It’s rare for charities to go public with commentary that questions the work of other charities. But that’s what happened when Alzheimer Scotland queried Alzheimer’s Research UK’s recent advertising campaign.
The exchange identified the risk of “perpetuating dated stereotypes” and the need to create urgent appeals that “portray the harsh realities of a cause… while leaving space for hope”.
Notably, both charities cited the importance of putting people with lived experience at the heart of the work, and yet this led them to differing viewpoints on how to communicate about the experiences of their beneficiaries.
This public discourse on the matter prompted a wider debate in the sector about how to represent lived experience in communications.
Charities have long understood the power of people-led stories to create change, develop public understanding and garner supporters.
But there is a danger that lived experience can be misused, veering into tokenistic and exploitative outcomes that further entrench damaging stereotypes and inequalities – think white saviour narratives, for example.
A commitment to lived experience must be much more than a communications endeavour; it must be aligned with charitable purpose, values and culture. On a recent Charity Chat podcast, Charlotte Lamb, principal for involvement and decision-making at the think tank NPC, talked about charities using lived experience as a guiding force to define not just what the charity does but how it does it.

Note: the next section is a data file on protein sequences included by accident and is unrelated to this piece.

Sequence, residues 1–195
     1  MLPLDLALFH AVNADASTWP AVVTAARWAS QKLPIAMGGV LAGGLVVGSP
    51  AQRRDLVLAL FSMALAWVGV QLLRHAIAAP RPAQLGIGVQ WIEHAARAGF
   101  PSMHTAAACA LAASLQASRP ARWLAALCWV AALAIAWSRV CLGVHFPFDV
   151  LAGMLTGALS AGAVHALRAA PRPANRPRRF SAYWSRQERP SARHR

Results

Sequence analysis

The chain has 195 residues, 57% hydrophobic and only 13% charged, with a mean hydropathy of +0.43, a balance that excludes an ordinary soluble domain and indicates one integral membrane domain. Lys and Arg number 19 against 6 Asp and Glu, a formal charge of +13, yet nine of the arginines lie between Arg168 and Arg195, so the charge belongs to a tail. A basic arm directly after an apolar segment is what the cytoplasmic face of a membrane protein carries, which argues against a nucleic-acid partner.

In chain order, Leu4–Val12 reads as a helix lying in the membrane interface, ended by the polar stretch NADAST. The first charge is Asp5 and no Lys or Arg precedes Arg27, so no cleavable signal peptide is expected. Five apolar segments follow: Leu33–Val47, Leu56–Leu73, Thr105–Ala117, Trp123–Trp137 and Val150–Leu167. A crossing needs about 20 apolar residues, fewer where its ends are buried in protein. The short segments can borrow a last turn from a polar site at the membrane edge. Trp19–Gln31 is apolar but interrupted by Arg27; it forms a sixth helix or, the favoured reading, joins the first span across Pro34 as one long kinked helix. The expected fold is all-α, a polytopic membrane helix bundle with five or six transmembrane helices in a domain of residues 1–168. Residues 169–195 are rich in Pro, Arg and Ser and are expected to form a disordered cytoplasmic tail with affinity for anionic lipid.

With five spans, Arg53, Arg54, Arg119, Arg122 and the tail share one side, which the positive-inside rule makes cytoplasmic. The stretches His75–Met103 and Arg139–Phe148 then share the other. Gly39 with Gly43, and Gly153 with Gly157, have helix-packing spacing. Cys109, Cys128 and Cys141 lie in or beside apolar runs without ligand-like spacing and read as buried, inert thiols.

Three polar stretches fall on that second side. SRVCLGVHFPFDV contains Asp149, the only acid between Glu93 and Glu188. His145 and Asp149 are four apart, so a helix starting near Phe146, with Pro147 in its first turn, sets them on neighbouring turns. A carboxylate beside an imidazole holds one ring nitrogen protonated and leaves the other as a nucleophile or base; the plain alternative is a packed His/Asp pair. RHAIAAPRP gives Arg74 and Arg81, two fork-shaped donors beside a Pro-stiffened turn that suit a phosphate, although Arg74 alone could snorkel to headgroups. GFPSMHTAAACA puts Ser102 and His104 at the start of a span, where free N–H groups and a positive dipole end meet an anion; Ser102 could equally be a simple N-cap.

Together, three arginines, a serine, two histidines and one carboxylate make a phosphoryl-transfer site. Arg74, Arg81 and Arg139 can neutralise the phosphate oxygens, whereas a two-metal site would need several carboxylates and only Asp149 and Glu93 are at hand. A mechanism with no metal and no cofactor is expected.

NPC is developing a guide, with a useful framework, which shares the knowledge and experience in the sector.
The reflection I’m taking away from Charlotte’s conversation is that every charity needs to go on its own journey, including people with lived experience from the outset.
In Third Sector’s recent piece by Kellie Ziemba, chief executive of the charity Kairos Women Working Together, she shared her personal journey towards using her “lived experience voice” to influence positive change for marginalised, abused and exploited women.
Ziemba has created a culture where lived experience is truly welcomed and valued. From changing recruitment practices to be more open and inclusive of women who may not have the education or work experience typically required for the role to heavily investing in staff wellbeing.
But being a champion doesn’t necessarily require you to have lived experience. For example, Tim Naor Hilton, who, on taking the role of chief executive of Refugee Action in 2021, highlighted “a commitment to… shifting power to people with lived experience” through developing better opportunities at Refugee Action and influencing the wider sector.
Adopting a strategic and systemic approach to lived experience, rooted in a deep understanding of what constitutes it, can help charities build emotional resonance, credibility, trust and impact. It is also the foundation for authentic and powerful communications: by centring lived experiences from the inside-out.
For the individuals themselves, it can boost confidence, open up new opportunities and create a sense of genuine agency.
It is vital that we continue to have meaningful debates about the way we work with and portray our beneficiaries and our causes to develop our practice – this is our responsibility as charities.
I welcomed the thoughtful challenge and response from both Alzheimer’s charities, which created space for reflection and learning as a sector.
Adeela Warley is chief executive of CharityComms